Pesticides And The Environment
Despite growing research on safer alternatives, agriculture today involves the use of large amounts of toxic chemicals including chemical fertilizers and pesticides. While they are intended to kill one or more pests, or fertilise the soil for instance, the effects are often far-reaching. Several of these pesticides are persistent. These not only remain in the environment, but seep into our soil and water rendering it poisonous and travel for millions of miles finding themselves where they were never even used! Remember, studies show that less than 0.1% of pesticides applied for pest control reach their target pests. This means more than 99.9% end up in the environment, affecting not only public health but contaminating our resources and disturbing the eco-system balance in our farms as well as the general atmosphere.
With the use of pesticides, we are contaminating and poisoning natural resources on which our very survival depends. Pesticide drift (pesticides carried to other areas by wind) poses a threat to human life as well as wildlife.
Let us begin with farm eco-systems themselves. Pesticide use often adversely impacts beneficial insects and predators which can control pests. Such use often becomes a treadmill for the farmers, when such natural control factors are destroyed. Meanwhile, the target pest itself is likely to develop resistance at the genetic level to the pesticide because that is Nature's principle.
Toxic chemicals sprayed on agricultural fields have also been responsible for killing of unintended organisms of the higher order too – in India, reports of peacocks getting killed are repeatedly seen due to pesticides used in agriculture. Many other bird species have also been impacted and it is well known that millions of birds are killed each year due to pesticides. Reductions of bird populations have been correlated to pesticide use in various studies. Even in India, several species of birds are reported to be on the verge of extinction including due to overuse of pesticides.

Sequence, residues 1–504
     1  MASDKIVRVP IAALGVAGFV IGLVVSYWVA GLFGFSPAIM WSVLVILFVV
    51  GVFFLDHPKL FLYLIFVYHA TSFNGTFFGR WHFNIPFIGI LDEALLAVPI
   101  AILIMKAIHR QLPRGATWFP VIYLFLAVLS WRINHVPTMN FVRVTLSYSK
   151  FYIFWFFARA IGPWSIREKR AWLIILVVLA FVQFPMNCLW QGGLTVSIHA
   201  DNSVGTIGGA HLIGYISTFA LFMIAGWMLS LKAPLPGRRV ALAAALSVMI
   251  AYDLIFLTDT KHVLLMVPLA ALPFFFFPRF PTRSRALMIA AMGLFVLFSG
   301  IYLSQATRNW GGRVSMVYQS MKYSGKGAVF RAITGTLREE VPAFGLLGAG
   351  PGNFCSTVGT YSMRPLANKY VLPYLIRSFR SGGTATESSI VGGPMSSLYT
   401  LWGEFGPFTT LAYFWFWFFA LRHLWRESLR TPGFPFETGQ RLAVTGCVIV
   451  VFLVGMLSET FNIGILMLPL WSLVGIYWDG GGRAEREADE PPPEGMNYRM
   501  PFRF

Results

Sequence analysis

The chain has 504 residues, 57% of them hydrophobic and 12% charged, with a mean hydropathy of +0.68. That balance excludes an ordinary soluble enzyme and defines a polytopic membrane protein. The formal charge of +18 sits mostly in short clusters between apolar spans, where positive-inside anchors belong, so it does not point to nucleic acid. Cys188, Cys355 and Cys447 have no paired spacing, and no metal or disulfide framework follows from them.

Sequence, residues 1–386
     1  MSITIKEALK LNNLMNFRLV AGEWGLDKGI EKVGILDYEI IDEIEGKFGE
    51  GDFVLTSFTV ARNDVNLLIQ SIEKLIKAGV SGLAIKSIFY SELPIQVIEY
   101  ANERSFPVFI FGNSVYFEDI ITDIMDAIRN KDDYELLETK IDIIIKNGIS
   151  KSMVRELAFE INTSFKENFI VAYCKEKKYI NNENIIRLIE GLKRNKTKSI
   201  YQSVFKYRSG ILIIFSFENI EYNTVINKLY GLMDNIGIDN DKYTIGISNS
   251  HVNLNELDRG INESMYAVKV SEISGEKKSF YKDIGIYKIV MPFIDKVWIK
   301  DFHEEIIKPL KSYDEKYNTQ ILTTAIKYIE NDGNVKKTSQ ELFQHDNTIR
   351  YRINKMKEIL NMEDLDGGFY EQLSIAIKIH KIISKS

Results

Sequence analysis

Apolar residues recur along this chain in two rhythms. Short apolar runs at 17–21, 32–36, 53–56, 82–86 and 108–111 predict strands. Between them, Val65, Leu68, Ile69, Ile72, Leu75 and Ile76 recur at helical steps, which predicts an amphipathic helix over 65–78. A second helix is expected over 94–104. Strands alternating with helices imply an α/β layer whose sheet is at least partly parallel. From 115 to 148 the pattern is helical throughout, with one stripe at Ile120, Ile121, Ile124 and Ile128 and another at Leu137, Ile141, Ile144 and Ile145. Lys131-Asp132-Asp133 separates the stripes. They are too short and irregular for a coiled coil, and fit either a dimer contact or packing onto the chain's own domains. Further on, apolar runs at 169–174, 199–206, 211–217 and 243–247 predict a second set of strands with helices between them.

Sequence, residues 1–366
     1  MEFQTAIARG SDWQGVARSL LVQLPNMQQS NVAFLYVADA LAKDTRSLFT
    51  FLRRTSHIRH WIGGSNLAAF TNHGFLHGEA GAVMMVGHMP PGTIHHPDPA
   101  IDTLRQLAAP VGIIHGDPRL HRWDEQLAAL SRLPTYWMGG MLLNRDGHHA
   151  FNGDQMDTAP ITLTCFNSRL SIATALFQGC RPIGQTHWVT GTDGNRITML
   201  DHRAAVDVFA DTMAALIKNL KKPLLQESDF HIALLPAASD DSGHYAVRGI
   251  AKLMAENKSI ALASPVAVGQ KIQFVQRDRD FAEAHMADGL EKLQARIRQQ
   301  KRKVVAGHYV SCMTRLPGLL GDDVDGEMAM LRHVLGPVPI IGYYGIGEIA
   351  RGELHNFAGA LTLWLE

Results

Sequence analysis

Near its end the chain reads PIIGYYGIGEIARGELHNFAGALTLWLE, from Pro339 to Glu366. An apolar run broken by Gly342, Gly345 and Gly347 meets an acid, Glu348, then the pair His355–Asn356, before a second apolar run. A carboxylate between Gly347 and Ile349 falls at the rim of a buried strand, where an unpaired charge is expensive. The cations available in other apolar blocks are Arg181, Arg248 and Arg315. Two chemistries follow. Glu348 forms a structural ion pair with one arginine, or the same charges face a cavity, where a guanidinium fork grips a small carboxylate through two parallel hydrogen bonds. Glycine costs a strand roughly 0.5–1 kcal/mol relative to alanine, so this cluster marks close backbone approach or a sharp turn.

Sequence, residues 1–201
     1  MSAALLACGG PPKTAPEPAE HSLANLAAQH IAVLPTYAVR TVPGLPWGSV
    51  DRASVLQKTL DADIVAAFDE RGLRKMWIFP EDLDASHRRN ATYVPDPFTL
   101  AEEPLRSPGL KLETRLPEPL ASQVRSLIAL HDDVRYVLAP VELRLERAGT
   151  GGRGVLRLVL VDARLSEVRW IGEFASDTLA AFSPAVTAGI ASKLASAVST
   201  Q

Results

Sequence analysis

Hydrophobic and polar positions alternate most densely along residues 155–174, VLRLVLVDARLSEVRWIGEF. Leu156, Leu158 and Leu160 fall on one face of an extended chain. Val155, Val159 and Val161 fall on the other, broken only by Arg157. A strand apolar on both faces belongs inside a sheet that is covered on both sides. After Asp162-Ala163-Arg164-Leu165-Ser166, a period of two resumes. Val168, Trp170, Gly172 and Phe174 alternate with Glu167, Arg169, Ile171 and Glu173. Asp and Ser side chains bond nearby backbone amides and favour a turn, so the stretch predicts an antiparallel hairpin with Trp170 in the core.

Pesticides are also known to contaminate our water resources, both as surface run off and leaching into the groundwater aquifers. Aquatic life is known to have been impacted in many instances with such pesticide contamination, including through accidental spills/intentional disposal. Studies on fish showed physiological and behavioural changes due to exposure to pesticides.
It is also well documented that pesticides do impact soil biodiversity. Earthworms, termed as farmers' friends, are adversely impacted. It has been found that pesticide presence in soil in turn hinders healthy plant processes like nitrogen-fixation! Pesticides are also known to have other harmful impacts on plant growth and development.
Pesticides have been implicated in poisoning and killing of bees which has a complex eco-system effect thereafter.
While pesticides are known to have cause acute poisoning and deaths of animals that have strayed into pesticide-sprayed agricultural fields, an indirect effect can be of eliminating certain food sources on which such wild animals depend. In India, reports have emerged of animals in national parks and sanctuaries also being impacted adversely due to the use of pesticides in farming (tea estates and the like, near Kaziranga National Park, for instance).
The information on dangers is mounting, but so is the science on safer alternatives. Ultimately, what we do to the environment, in fact, we do to ourselves and all the species with whom we share this planet!